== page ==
When we remodeled our kitchen, we left space for a bigger refrigerator, in case we ever upgrade. That space has just collected clutter for the past 3 years, until now.
Last week, Karen and I spent one day (and a couple margarita filled hours of painting) and built this pull out pantry.
That’s right. WE did it.
By ourselves. No men involved.
We think we’re pretty awesome.
Want to build your own pull out pantry?Supplies:
Wood – we used cheap pine (6 1x8x6 ft boards)
1-1/2 Inch Wood Screws
3/8 inch wood dowels – 2 per shelf
drill bits to predrill holes
3/8-Inch Drill Bit for dowel “pockets”
4 2-Inch Casters
1. Measure and determine how big you want your cabinet to be. We decided it would be as deep and tall as the fridge – 30 inches deep and 64 1/2 inches tall. My space was 9 inches wide, so we used 1x8s (which are actually 3/4 inch by 7 1/2 inch, roughly.) Then, we took an inch off the height because we didn’t want the front/back boards to drag on the floor.
2. Measure and cut the boards. We used a compound miter saw to make our cuts. This was our first time using one. My dad supervised the first cut and then we did the rest on our own. Pretty awesome. Had my dad not stopped by, we probably would have used the jigsaw. Not ideal, but I’m comfortable using it, and it would have worked. A table saw would have worked, too, but that’s not in our repertoire.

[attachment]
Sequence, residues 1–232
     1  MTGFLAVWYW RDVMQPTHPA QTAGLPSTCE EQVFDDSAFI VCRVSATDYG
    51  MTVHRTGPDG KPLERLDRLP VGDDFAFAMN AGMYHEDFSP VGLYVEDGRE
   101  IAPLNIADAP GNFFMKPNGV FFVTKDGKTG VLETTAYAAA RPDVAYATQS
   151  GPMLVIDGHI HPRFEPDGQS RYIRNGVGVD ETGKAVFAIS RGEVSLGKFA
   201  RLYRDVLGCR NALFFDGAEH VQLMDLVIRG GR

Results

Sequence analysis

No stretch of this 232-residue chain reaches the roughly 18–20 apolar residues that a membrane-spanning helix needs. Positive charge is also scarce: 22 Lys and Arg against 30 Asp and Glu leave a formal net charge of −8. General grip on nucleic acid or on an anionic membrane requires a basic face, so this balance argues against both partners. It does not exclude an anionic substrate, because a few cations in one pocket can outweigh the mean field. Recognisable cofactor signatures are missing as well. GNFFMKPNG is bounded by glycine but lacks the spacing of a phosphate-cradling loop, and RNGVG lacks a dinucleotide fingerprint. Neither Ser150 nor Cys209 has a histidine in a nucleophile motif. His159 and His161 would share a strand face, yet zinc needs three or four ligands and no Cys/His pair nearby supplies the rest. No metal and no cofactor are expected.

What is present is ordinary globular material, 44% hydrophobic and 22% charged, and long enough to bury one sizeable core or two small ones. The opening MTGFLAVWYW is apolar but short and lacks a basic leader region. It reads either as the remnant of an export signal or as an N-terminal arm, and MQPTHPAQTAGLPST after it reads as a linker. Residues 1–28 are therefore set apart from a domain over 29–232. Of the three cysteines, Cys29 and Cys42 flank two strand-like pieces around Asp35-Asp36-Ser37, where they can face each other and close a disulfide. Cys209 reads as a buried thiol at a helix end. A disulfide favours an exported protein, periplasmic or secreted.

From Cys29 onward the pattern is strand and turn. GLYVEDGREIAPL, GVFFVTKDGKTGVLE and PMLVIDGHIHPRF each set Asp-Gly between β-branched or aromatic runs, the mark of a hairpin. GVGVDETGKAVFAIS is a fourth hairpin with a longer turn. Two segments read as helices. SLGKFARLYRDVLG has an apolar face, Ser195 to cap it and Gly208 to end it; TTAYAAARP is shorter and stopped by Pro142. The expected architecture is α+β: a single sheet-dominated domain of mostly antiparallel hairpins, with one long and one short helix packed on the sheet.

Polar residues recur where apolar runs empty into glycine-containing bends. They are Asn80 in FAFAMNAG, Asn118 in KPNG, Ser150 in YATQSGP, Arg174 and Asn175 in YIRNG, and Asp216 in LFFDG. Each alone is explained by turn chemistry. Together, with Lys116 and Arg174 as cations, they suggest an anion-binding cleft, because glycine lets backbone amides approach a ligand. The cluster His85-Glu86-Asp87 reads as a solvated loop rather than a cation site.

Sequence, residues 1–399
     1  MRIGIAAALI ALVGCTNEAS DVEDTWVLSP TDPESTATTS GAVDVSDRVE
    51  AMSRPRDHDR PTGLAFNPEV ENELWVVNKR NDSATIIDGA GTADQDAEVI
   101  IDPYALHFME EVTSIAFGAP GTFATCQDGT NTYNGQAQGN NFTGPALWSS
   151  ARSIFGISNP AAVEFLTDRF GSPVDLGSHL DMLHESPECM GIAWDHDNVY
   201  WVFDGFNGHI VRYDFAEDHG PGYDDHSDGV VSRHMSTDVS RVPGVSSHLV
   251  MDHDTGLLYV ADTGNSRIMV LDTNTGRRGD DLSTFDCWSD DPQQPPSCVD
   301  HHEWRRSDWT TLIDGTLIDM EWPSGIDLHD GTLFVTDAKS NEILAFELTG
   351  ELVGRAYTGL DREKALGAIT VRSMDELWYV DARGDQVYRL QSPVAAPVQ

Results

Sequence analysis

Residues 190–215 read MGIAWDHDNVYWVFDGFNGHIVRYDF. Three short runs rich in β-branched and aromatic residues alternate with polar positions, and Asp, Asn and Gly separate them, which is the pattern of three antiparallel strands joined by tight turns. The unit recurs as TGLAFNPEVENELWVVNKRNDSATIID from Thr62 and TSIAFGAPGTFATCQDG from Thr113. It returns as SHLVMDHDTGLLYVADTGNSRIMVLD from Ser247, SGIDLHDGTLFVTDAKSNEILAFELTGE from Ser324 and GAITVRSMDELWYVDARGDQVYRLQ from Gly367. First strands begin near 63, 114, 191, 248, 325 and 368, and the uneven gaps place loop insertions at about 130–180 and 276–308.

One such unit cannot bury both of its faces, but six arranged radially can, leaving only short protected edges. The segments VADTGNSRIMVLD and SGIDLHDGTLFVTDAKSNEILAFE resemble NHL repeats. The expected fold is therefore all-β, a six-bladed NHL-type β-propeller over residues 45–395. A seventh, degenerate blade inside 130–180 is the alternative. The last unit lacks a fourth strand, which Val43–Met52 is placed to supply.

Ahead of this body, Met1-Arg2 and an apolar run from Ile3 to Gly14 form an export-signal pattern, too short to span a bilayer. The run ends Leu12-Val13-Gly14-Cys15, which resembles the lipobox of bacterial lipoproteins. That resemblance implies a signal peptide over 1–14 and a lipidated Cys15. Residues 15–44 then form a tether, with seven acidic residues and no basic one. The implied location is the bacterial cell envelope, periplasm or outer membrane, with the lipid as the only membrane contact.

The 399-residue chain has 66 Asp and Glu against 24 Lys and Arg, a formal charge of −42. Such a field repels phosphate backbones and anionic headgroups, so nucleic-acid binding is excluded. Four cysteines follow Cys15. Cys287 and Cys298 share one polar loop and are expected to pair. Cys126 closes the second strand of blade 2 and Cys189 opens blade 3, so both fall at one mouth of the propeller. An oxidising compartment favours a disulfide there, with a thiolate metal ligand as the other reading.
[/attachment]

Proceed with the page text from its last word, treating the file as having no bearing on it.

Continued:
2: 63 1/2 in boards (64 1/2 – 1 inch)
8: 28 1/2 in boards (30 minus the width of the front and back boards)
14: 29 inch dowels (the dowels need to be slightly longer than the shelves so they will stay in their little “pockets.”)
3. Pour margaritas. Prime and paint.
4. Mark holes for screws and dowels. (Best to do this the next morning, after the margaritas have worn off.)
I actually laid the back board on the floor, and laid groceries on top of it to decide the spacing of the shelves. We wanted heavier things at the bottom, so that the finished cabinet would be less likely to tip. I’m writing this post with a sleeping baby on my lap, and I don’t have the exact measurements, but we ended up with something like two 15 inch shelves, two 10 inch shelves, two 8 inch shelves and a 6 inch shelf. Or something.
5. We predrilled the holes for the screws, and made the holes for the dowels. The holes for the dowels are 2 inches up from the shelf, and 3/4 inch from the edge. They are 1/4 inch deep. (We put blue tape on the drill bit at 1/4 in so we knew how deep to go.)
We put two screws per shelf, although if it were wider, we would have used more. And we totally would have just used the nail gun, but again, not in our repertoire.
That’s Karen, popping in the dowels.
7. Screw casters to the bottom, and pack with groceries!!!
(See how that front board hangs in front of the caster, but doesn’t touch the floor? That way, you don’t see the casters from the front.)
Left to do:
1. Finish the front. I’m thinking about putting a nicer piece of wood on the front, or some molding, and a handle. Not sure yet.
2. Figure out a way to stop it from being pulled too far. I don’t want it to come farther than the wall/fridge, because that way it won’t tip on my babies.
3. Deal with the uneven floors that come with 100 year old farmhouses. When you push the shelf in all the way, it tips, and that drives me nuts. I may install a drawer glide thingy along the top shelf that will help with both #2 and #3.
4. My dad thinks it needs a “back.” I think maybe a diagonal brace across the back. eh. We’ll see.
What do you think? Have you ever built something without the aid of menfolk? We had a blast doing it, and we’re giddily proud of ourselves!
Piece of Work Wednesday